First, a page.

Liked by 4 people

    • 👍👍👍… Thank you for your positive remark regarding the post; I feel so honored. also, appreciate the time you’ve taken to type wise, thoughtful and strong points on how this issue can be addressed. actually, many people feel indifferent, both rich and poor. I agree with you that man is not inherently evil to the extent of purposely deteriorating the environment, and as you rightly hinted, i think people need to be educated on the issue, on a one-on-one basis because they don’t seem to have an appreciable level of awareness that could help control the problem better—like beating down wasteful lifestyles

      Thank you for visiting, reading and commenting.

      Liked by 4 people

  • Interesting article. Thank you for sharing this informative post.
    Please also read my blog.

    Liked by 1 person

    • Fabrizio, thanks alot for your positive remark… I will check out your blog, and even make an attempt to comment. My comments have not been appearing on some blog posts; I don’t know why…

      Liked by 2 people

  • Limiting consumption is the key , but I have a different take on this read it here

    Liked by 2 people

    • Thanks for visiting and making a thoughtful contribution… limiting consumption is important; also important is education, so that byproducts from the little amount consumed, won’t be littered and cause environmental pollution

      Liked by 2 people

  • This is so true. We have so much. Possessions are everywhere taking up space and time.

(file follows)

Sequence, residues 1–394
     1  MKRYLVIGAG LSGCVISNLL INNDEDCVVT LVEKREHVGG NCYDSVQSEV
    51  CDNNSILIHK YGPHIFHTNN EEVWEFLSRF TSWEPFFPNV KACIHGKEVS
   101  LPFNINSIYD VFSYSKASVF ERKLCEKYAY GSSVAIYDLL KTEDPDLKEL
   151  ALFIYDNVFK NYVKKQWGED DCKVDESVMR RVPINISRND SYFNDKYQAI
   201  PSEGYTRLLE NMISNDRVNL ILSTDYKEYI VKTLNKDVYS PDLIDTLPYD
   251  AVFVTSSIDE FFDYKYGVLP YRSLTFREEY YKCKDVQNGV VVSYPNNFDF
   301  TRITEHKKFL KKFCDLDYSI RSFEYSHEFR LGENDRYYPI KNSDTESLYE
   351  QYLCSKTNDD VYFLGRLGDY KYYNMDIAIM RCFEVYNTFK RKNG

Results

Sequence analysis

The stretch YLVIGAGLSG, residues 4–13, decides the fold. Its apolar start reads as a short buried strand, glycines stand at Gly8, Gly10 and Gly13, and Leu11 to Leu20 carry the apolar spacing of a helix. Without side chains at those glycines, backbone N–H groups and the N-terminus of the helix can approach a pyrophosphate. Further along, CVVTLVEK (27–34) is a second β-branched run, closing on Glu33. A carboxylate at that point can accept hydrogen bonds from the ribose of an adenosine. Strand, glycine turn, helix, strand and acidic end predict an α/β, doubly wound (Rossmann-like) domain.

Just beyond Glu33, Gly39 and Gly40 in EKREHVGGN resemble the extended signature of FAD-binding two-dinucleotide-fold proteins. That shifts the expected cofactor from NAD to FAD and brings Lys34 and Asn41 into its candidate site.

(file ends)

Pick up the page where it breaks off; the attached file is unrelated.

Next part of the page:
Liked by 2 people

  • We need to consume to survive, but for too many of us, it becomes addictive. Great post.

    Liked by 1 person

  • Great post, this is so true. We are going into a time where we will be buying everything because of the season. I love the holidays but the pressure some people put on themselves and their families to buy a ton of things is so sad. We can still have a beautiful life, buying things we need and a few things that bring us happiness but we should never over do it. It is so easy in this country to buy all the time. We are overloaded with so many items, just walk into any store.

    Liked by 1 person

    • such a thoughtful comment… thanks…I agree with you completely: “the pressure some people put on themselves and their families to buy a ton of things is so sad”. Really, it’s so sad…probably the ease with which things can be purchased, has even made the rate of acquisition crazy and unnecessary


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    Liked by 1 person